Jeremy Corbyn: As Russia has no chemical weapons – they were all destroyed by September last year – he might just be right to question Theresa May’s reasoning over the alleged ‘Novichok’ nerve agent.

Once again, Jeremy Corbyn has shown he is a consummate statesman – and his opponents, even within the Labour Party, have been exposed as clumsy bandwagon-jumpers.

Theresa May is, of course, driving the bandwagon in question. She told the House of Commons yesterday (March 14) that former double-agent Sergei Skripal had been poisoned with Novichok, a nerve agent developed by Russia. “Based on this capability, combined with Russia’s record of conducting state-sponsored assassinations—including against former intelligence officers whom it regards as legitimate targets—the UK Government concluded it was highly likely that Russia was responsible for this reckless and despicable act. There are only two plausible explanations: either this was a direct act by the Russian state against our country; or, conceivably, the Russian Government could have lost control of a military-grade nerve agent and allowed it to get into the hands of others.”

She said Russia had failed to respond in a meaningful way to her demand for an explanation within a 36-hour deadline that ended at midnight on March 13: “Its response has demonstrated complete disdain for the gravity of these events. The Russian Government have provided no credible explanation that could suggest that they lost control of their nerve agent, no explanation as to how this agent came to be used in the United Kingdom, and no explanation as to why Russia has an undeclared chemical weapons programme in contravention of international law. Instead it has treated the use of a military-grade nerve agent in Europe with sarcasm, contempt and defiance.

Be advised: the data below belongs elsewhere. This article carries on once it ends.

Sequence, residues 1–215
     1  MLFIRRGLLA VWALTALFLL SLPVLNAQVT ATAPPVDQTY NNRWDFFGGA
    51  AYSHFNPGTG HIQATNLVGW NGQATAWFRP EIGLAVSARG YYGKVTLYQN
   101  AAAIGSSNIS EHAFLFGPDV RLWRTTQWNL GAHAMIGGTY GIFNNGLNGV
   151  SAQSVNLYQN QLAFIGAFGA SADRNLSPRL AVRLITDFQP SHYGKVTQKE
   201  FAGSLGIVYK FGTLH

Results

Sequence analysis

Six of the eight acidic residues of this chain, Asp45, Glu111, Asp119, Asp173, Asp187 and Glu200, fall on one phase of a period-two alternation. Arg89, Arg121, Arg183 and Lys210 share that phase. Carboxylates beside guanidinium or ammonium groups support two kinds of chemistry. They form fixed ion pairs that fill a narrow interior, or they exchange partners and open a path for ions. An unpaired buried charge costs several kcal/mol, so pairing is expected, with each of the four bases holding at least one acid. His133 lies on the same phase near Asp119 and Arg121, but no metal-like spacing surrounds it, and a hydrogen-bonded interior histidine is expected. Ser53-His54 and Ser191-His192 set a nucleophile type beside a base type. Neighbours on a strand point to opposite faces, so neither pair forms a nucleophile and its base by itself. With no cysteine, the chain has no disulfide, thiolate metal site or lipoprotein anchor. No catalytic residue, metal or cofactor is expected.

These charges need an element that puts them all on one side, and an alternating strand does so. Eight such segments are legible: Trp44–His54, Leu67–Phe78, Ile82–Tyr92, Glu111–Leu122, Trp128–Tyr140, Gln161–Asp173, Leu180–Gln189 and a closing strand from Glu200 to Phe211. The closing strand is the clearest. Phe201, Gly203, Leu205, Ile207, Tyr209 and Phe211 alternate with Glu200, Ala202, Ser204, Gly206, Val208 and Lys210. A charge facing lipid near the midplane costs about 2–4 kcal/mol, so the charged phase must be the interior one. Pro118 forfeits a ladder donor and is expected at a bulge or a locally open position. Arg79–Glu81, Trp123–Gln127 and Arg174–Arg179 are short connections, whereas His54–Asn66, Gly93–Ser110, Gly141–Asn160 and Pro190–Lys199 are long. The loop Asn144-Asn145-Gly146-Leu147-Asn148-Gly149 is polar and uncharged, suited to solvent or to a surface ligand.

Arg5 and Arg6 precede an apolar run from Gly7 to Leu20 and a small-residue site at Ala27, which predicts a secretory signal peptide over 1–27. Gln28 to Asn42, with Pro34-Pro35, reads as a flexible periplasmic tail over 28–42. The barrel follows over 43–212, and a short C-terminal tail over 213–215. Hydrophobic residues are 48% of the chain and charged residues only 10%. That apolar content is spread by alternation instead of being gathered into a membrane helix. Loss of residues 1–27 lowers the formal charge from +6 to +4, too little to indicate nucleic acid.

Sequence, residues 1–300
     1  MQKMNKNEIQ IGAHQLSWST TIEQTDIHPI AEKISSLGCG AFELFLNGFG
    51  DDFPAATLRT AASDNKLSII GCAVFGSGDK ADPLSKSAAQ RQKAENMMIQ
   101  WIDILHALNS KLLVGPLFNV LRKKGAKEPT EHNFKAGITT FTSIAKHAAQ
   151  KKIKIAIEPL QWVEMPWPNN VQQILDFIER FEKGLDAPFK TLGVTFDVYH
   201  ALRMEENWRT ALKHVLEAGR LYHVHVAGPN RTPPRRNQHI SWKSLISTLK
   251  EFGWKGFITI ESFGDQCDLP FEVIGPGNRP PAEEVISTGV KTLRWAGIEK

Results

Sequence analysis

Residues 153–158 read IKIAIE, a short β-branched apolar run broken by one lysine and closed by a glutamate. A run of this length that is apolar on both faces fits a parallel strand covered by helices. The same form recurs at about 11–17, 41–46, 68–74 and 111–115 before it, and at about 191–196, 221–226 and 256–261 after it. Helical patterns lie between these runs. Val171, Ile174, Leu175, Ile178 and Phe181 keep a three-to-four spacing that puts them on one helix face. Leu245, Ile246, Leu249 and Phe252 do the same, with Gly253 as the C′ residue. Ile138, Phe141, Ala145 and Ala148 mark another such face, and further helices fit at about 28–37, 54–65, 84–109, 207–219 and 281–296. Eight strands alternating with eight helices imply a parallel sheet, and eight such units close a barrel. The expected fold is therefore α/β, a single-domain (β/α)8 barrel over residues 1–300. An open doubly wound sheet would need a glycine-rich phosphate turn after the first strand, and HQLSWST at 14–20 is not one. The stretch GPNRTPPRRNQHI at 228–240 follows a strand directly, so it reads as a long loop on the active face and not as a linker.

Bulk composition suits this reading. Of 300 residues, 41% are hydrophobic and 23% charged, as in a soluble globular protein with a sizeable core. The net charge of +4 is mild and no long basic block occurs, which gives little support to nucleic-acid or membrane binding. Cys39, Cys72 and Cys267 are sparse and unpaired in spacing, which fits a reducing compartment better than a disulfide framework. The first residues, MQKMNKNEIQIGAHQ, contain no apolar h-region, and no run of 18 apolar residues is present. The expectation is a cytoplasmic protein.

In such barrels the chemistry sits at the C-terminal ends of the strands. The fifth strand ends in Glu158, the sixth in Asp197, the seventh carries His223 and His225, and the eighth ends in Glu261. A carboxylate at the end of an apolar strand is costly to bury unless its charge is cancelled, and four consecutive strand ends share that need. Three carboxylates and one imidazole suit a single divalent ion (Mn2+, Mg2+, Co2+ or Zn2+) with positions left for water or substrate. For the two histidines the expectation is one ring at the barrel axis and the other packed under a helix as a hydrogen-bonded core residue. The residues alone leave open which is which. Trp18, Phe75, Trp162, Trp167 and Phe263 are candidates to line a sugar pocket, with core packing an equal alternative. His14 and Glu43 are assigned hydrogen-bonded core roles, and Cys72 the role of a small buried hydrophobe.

“There is no alternative conclusion other than that the Russian state was culpable for the attempted murder of Mr Skripal and his daughter, and for threatening the lives of other British citizens in Salisbury, including Detective Sergeant Nick Bailey. This represents an unlawful use of force by the Russian state against the United Kingdom.”

She went on to announce that 23 Russian diplomats will be expelled, as they have been identified as “undeclared intelligence officers” (or: spies) among other measures to strengthen the UK against incursions by foreign powers.

There’s just one problem: The evidence really isn’t solid – especially as Russia’s entire chemical weapons stockpile was verified as destroyed last September.

This is what Mr Corbyn was saying in his response to Mrs May’s statement. He told the Commons: “Our response as a country must be guided by the rule of law, support for international agreements and respect for human rights. When it comes to the use of chemical weapons on British soil, it is essential that the Government work with the United Nations to strengthen its chemical weapons monitoring system and involve the Organisation for the Prohibition of Chemical Weapons.

“Our response must be decisive, proportionate and based on clear evidence. If the Government believe that it is still a possibility that Russia negligently lost control of a military-grade nerve agent, what action is being taken through the OPCW with our allies? I welcome the fact that the police are working with the OPCW.

“Has the Prime Minister taken the necessary steps under the chemical weapons convention to make a formal request for evidence from the Russian Government under article IX(2)? How has she responded to the Russian Government’s request for a sample of the agent used in the Salisbury attack to run their own tests? Has high-resolution trace analysis been run on a sample of the nerve agent, and has that revealed any evidence as to the location of its production or the identity of its perpetrators?

“Can the Prime Minister update the House on what conversations, if any, she has had with the Russian Government? While suspending planned high-level contacts, does she agree that is essential to retain a robust dialogue with Russia, in the interests of our own and wider international security?”

He added: “Can the Prime Minister outline what discussions she has had with our partners in the European Union, NATO and the UN and what willingness there was to take multilateral action?”

From her response, it seems Mrs May has not made a formal request for evidence from Russia under the chemical weapons convention – nor has she responded to Russia’s request for a sample of the nerve agent. Nor, it seems, has high-resolution trace analysis been carried out to show where the substance was created. OPCW rules, I’m told, say that an accused government should have 10 days to respond, yet Russia was given less than two.